In subjects undergoing long-term therapy with carbamazepine and/or phenytoin, reduced plasma concentrations of biotin have been reported. However, the diagnostic value of plasma biotin is unclear, in part because of the presence of significant plasma concentrations of biotin metabolites. Pathologic organic aciduria has also been reported with long-term anticonvulsant therapy, suggesting biotin deficiency, but no mechanism leading to deficiency has yet been determined.Methods:
In the current study, we sought to determine whether biotin catabolism was accelerated in children receiving long-term treatment with certain anticonvulsants and to assess biotin status as judged by urinary excretion of biotin and 3-hydroxyisovaleric acid, an organic acid that is an indicator of deficiency of a biotin-dependent enzyme. Seven children treated with carbamazepine and/or phenytoin and six treated with phenobarbital provided untimed urine samples. Sixteen healthy children receiving no anticonvulsants served as controls. Biotin and biotin metabolites were determined by highperformance liquid chromatography/avidin-binding assay. Urinary excretion of 3-hydroxyisovaleric acid was determined using gas chromatography/mass spectrometry.Results:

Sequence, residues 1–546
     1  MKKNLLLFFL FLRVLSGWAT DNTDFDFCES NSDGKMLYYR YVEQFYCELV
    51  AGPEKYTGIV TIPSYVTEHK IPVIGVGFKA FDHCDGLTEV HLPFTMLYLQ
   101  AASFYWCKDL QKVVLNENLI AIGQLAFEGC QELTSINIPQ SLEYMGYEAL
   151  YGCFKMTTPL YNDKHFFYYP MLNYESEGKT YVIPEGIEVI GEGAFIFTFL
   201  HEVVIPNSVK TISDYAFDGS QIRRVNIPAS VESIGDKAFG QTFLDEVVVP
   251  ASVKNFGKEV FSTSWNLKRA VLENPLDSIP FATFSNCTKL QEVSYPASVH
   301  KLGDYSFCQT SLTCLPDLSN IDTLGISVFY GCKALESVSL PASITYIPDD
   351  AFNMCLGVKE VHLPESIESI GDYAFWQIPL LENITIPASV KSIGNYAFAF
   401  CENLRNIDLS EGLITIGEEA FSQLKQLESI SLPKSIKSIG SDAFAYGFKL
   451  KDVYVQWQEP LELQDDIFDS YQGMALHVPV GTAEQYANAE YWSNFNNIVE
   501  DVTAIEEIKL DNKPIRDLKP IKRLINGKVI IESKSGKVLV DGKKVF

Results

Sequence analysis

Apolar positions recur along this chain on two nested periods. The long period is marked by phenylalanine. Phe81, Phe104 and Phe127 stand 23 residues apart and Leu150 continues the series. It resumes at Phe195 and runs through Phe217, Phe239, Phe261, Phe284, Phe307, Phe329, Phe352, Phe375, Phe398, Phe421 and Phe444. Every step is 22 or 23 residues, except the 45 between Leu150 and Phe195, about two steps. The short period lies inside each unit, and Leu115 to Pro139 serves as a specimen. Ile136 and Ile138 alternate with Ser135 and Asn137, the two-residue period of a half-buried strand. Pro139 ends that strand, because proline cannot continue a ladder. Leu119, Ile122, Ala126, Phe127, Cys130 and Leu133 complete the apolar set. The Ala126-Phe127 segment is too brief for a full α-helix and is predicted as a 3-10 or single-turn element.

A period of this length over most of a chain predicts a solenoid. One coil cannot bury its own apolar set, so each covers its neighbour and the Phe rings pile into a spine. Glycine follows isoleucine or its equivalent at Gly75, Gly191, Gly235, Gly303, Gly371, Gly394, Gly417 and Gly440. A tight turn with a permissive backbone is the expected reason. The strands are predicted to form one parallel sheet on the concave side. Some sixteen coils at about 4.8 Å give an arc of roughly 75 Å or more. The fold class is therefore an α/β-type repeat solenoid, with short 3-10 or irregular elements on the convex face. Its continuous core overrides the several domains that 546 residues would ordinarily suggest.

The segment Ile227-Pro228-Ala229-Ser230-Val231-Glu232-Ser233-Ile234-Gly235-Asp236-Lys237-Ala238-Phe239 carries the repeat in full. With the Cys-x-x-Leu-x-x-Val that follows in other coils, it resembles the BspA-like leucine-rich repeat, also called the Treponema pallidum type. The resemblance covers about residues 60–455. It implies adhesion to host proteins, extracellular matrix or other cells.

Bisnorbiotin excretion was increased significantly in the carbamazepine/phenytoin group and in the phenobarbital group. Biotin sulfoxide excretion was significantly increased in the carbamazepine/phenytoin group but not in the phenobarbital group. 3-Hydroxyisovaleric acid excretion was increased significantly in the carbamazepine/phenytoin group. However, only one child (carbamazepine/phenytoin group) had a decreased urinary excretion of biotin.Conclusion:
These data provide evidence that long-term administration of some anticonvulsants can accelerate biotin catabolism, but the indicators of biotin status conflict.